monds, published by us on Saturday, with regard to the so-called spiritual manifestations, coming as it did from an eminent jurist, a man remarkable for his clear common sense in the practical affairs of life, and a gentleman of irreproachable character, arrested the attention of the community, and is regarded by many persons as one of the most remarkable documents of the day.
The New York EVENING MIRROR said:
John W. Edmonds, the Chief Justice of the Supreme Court for this district, is an able lawyer, an industrious judge and a good citizen. For the last eight years occupying without interruption the highest judicial stations, whatever may be his faults no one can justly accuse him of lack of ability, industry, honesty or fearlessness. No one can doubt his general saneness, or can believe for a moment that the ordinary operations of his mind are not as rapid, accurate and reliable as ever. Both by the practitioners and suitors at his bar he is recognized as the head, in fact and in merit, of the Supreme Court for this District.
The experience of Dr. Robert Hare, Professor of Chemistry in the University of Pennsylvania, is also of interest, because he was one of the first eminent men of science who, setting out to expose the delusion of Spiritualism, became finally a firm believer. It was in 1853 that, in his own words, he "felt called upon, as an act of duty to his fellow creatures, to bring whatever influence he possessed to the attempt to stem the tide of popular madness which, in defiance of reason and science, was fast setting in favour of the gross delusion called Spiritualism." A denunciatory letter of his published in the newspapers of Philadelphia, where he lived, was copied by other newspapers all over the country, and it was made the text of numerous sermons. But, as with Sir William Crookes many years later, the jubilation was premature. Professor Hare, though a strong sceptic, was induced to experiment for himself, and after a period of careful testing he became entirely convinced of the spiritual origin of the manifestations. Like Crookes, he devised apparatus for use with mediums. Mr. S. B. Brittan, editor of THE SPIRITUAL TELEGRAPH, gives the following condensed account of some of Hare's experiments:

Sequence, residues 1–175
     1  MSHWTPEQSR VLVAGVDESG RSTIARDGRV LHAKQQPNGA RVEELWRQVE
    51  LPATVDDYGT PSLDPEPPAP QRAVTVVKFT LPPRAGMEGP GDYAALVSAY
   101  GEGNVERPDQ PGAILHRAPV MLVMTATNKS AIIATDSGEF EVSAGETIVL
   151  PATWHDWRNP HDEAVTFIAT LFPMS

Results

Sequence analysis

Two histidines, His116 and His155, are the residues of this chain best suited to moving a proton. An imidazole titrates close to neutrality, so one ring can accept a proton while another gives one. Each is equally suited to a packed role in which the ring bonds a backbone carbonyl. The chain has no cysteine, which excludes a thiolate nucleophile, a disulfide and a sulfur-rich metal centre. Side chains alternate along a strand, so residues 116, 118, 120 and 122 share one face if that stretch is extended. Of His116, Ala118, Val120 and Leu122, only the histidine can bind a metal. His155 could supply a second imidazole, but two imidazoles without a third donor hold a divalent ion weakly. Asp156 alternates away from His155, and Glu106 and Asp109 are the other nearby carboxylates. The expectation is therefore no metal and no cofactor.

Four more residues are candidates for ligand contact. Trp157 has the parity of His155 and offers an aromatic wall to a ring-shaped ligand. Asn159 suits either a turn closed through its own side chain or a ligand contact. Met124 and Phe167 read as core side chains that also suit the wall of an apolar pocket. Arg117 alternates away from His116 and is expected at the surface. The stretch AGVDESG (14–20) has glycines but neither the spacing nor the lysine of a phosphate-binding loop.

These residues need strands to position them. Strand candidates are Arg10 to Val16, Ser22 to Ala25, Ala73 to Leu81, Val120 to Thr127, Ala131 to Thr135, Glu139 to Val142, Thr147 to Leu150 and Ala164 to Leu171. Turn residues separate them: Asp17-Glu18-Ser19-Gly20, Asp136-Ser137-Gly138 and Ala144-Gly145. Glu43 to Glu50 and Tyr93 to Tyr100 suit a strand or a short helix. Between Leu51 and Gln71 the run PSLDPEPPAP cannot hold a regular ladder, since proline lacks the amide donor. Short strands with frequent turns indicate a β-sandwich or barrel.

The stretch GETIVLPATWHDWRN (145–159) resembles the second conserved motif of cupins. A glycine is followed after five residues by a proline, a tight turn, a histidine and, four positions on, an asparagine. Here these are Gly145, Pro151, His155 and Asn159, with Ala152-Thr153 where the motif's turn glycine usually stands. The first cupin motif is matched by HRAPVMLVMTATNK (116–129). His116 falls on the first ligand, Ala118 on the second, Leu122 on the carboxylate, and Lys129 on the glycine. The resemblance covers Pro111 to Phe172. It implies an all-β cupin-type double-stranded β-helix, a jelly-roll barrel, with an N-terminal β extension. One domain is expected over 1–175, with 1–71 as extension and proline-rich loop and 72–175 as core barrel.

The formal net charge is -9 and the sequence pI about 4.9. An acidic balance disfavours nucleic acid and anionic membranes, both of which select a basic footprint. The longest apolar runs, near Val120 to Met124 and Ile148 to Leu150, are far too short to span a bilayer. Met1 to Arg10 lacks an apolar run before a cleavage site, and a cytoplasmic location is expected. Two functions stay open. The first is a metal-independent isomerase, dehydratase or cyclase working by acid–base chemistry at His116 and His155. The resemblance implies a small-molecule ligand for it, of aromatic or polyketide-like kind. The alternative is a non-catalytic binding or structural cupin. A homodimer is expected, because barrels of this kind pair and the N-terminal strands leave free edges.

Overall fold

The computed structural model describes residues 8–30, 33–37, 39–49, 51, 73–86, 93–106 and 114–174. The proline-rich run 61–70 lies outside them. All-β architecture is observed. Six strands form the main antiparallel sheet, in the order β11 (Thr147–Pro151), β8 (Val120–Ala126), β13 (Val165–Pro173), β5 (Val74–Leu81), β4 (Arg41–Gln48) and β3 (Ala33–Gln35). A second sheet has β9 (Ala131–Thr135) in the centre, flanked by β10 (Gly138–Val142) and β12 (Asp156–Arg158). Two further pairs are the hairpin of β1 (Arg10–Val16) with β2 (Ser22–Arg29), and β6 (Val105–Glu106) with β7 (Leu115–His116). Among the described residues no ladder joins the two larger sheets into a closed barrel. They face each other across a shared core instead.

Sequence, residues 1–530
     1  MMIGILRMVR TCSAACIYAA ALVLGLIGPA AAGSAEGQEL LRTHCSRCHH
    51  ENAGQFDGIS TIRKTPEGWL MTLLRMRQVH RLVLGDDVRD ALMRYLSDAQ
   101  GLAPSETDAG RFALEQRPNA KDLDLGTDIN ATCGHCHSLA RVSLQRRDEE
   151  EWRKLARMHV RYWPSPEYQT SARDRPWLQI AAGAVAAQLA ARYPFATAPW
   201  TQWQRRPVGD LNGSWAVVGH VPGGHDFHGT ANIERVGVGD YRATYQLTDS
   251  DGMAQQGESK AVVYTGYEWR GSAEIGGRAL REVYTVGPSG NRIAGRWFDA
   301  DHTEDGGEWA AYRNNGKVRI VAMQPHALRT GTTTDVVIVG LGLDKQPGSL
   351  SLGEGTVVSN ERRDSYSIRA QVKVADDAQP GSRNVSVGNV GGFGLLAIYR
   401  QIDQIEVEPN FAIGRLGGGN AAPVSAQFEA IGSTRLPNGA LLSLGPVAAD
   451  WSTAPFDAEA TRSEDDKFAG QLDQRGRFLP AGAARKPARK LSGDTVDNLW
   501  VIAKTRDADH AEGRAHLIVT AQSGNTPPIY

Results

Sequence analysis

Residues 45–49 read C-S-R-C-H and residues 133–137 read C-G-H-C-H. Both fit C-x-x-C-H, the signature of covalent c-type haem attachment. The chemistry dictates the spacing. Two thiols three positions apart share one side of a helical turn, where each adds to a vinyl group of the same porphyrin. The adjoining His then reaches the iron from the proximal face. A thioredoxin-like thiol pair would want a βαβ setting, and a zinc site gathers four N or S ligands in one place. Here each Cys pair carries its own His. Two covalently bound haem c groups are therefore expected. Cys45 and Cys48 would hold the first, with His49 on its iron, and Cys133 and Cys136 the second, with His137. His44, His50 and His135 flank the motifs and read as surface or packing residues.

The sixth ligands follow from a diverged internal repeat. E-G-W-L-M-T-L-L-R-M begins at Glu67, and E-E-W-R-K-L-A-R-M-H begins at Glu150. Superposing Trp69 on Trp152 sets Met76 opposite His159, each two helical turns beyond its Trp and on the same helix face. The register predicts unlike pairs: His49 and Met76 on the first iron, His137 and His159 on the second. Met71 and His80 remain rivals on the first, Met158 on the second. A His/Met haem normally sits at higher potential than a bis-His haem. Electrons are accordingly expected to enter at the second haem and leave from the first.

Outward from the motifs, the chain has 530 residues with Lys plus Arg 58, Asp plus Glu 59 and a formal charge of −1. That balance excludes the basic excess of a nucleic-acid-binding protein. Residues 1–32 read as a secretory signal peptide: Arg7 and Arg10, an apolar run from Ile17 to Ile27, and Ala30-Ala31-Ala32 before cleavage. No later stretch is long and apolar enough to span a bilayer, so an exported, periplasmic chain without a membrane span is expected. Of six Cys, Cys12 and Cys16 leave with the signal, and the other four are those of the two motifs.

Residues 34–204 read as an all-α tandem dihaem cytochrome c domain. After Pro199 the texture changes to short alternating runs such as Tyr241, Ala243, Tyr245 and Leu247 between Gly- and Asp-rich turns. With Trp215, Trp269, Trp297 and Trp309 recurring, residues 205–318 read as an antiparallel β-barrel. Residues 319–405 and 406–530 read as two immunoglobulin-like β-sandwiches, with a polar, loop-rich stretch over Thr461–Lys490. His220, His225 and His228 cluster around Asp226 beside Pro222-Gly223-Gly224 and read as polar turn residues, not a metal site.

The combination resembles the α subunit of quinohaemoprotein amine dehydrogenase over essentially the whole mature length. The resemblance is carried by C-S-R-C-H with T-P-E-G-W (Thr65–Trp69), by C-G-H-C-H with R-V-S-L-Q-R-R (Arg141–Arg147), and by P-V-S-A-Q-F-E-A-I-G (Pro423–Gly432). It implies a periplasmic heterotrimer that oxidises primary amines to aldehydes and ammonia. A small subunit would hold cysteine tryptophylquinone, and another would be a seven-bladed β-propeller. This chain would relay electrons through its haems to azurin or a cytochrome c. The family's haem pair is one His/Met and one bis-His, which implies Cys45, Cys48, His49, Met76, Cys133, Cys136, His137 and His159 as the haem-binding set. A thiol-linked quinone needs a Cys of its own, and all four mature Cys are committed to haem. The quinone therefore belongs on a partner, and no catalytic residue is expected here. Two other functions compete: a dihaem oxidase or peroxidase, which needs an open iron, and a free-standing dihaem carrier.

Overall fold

First, to satisfy himself that the movements were not the works of mortals, he took brass billiard balls, placed them on zinc plates and placed the hands of the mediums on the balls and, to his very great astonishment the tables moved. He next arranged a table to slide backward and forward, to which attachments were made, causing a disc to revolve containing the alphabet, HIDDEN FROM THE VIEW OF THE MEDIUMS. The letters were variously arranged, out of their regular consecutive order, and the spirit was required to place them consecutively or in their regular places. And behold, it was done! Then followed intelligent sentences which the medium could not see or know the import of till they were told him.
Again he tried another capital test. The long end of a lever was placed on spiral scales with an index attached and the weight marked; the medium's hand rested on the short end of the beam, where it was impossible to give pressure downward, but if pressed it would have a contrary effect and raise the long end; and yet, most astounding, the weight was increased several pounds on the scale.
Professor Hare embodied his careful researches and his views on Spiritualism in an important book published in New York in 1855, entitled "Experimental Investigation of the Spirit Manifestations." In this (p. 55) he sums up the results of his early experiments as follows:
The evidence of the manifestations adduced in the foregoing narrative does not rest upon myself only, since there have been persons present when they were observed, and they have in my presence been repeated essentially under various modifications in many instances not specially alluded to.
The evidence may be contemplated under various phases; first, those in which rappings or other noises have been made which could not be traced to any mortal agency; secondly, those in which sounds were so made as to indicate letters forming grammatical, well-spelt sentences, affording proof that they were under the guidance of some rational being; thirdly, those in which the nature of the communication has been such as to prove that the being causing them must, agreeably to accompanying allegations, be some known acquaintance, friend, or relative of the inquirer.